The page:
Lulu’s Molt

This time of year is when the hens molt. They shed their old feathers and grow new, warm coats for the winter. Some hens lose  a few feathers and you can hardly tell that they’re molting. Others seem to lose them all at once.

Lulu is our crazy hen. Whatever she does, she does it with a zany energy. Of course, Lulu’s molt is way more dramatic than the other girls’. First she lost her tail. Here she is going by the name of Lulu Two-Feathers. Doesn’t she look like she has on one of those child’s costume Indian headdresses that you used to find at the five and dime store?

A few days later, she looked like a woebegone stuffed animal. Bare and moth-eaten.

Next, Lulu does her best porcupine imitation.

These pinfeathers will unfurl into beautiful black and white feathers. Most of the other hens are molting, too, but none look like this. I love Lulu dearly, but I’m glad there’s just one of her!


  1. Must be a speckled Sussex thing, Bibby is the same, and before the other girls – I always say that she looks like a child playing Indians too! Is Lulu a good layer? (Speckleds are traditionally way behind Lights and Buffs in the Sussex laying stakes) Normally the best layers do the most dramatic moults. Hens that moult in dribs and drabs are usually poor layers, and were often culled as not being considered to be worth keeping through the winter. Good Buff was completely bald in her first moult, after her 250 eggs in that year! Now, at four years old, she only really loses her face and ‘cushion’ feathers, and is down to 100 eggs a year…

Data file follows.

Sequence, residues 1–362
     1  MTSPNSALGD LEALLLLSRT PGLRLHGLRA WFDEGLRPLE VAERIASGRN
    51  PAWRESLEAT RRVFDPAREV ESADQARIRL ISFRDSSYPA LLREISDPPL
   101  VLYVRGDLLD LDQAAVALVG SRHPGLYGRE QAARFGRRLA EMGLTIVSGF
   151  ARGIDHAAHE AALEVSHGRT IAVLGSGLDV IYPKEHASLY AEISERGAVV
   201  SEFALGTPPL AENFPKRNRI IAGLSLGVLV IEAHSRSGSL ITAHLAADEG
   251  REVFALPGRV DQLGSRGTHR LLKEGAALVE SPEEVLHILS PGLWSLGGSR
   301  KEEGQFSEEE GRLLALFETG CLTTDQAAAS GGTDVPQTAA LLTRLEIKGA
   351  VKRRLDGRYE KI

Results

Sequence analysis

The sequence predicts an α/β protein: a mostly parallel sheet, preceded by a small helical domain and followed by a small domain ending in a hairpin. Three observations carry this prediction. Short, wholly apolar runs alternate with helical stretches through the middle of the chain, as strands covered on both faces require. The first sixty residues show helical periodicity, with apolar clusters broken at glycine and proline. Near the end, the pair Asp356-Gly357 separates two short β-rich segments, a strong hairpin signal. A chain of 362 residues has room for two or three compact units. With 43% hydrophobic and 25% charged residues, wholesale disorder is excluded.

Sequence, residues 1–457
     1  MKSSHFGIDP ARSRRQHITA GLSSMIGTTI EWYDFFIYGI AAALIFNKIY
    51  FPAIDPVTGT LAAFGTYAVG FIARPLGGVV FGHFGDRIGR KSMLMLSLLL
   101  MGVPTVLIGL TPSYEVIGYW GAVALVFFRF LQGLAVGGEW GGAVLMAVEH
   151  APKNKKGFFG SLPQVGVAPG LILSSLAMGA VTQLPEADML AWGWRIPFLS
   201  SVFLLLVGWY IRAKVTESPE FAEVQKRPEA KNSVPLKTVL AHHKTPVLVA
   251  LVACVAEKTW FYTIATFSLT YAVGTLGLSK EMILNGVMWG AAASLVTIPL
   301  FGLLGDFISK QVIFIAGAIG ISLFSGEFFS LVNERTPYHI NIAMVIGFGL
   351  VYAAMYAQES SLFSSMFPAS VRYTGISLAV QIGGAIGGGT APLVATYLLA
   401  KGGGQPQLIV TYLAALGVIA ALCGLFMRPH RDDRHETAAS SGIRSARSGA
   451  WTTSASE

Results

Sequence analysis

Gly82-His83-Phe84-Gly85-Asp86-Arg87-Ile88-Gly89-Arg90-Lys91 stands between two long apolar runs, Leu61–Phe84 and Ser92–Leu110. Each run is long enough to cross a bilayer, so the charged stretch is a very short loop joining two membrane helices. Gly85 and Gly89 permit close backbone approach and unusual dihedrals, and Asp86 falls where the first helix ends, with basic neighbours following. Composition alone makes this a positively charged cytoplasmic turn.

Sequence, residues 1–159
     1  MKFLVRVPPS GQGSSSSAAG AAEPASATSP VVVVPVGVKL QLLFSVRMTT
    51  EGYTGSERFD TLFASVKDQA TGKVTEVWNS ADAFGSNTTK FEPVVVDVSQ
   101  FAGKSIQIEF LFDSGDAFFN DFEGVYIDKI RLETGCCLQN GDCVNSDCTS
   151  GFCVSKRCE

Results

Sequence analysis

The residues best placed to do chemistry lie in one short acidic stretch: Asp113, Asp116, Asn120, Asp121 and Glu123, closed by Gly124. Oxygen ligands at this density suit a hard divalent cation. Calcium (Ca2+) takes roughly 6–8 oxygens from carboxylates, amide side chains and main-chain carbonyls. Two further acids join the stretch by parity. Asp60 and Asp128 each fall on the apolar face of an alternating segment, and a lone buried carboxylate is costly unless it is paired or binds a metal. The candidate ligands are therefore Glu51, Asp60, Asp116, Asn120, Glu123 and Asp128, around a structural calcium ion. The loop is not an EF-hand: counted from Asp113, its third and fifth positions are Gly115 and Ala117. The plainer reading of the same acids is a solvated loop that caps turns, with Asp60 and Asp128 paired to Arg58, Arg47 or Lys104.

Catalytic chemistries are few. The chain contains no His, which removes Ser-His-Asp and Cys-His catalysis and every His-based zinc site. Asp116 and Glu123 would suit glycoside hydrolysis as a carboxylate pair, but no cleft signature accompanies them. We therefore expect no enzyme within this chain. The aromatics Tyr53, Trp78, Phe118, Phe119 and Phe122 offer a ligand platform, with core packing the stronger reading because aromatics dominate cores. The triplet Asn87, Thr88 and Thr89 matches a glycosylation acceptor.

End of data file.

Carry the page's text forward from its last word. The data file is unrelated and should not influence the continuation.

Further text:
• I’ve no idea if Lulu is a good layer. She’s too busy being dramatic. She spent most of the summer being broody. Now she’s molting. Which takes her ages. Then, it’ll be winter. We keep her around for the humor of it!

  2. One of my Buff Orpingtons is molting a little, but I’ve noticed she is quiet and withdrawn from the other girls. She’s eating, but just seems “off” and I wonder if molting causes that lethargy. I don’t care if my girls lay all the time, but I want them to be happy!

    • Yes, they can slow down with the molt. Make sure they’re getting plenty of protein in their diet. That will help the feathers grow back in. Some people add cat kibble, but I don’t like to add meat products to the diet. Access to more worms, or hard cook some eggs and mince and feed to them, are ways to add protein.

  3. I noticed her checking out a bird that had flown in and was inspecting the nesting boxes yesterday. She look very bedraggled. Not having any chickens of my own, (some day!) I wasn’t sure if it was molt or something else. Thank you for clearing that up for me!

  4. I am ready to go into the feather pillow business. Just cleaned my coops top to bottom this weekend and lo and behold..looks just like Kathy said…exploding birds!

  5. I have two now that lost every ONE of their wing feathers. I cannot ever recall that. So each night when I go lock up they are waiting for me and clucking softly. Yes they want to be put to bed and I agree to it. I have to set them up on the roost and if they don’t settle down right away they have a tendancy to lose their balance and fall off and we do it again.

  6. interesting thought on the laying/molting idea. I have also heard the redder the comb the better layers they are. Any truth to that?

    • Yes, a plump, red comb is a sign of a healthy hen. Healthy hens are better layers. Parasites and disease will make the comb pale, or turn bluish. OTOH, a good layer’s yellow legs will go pale!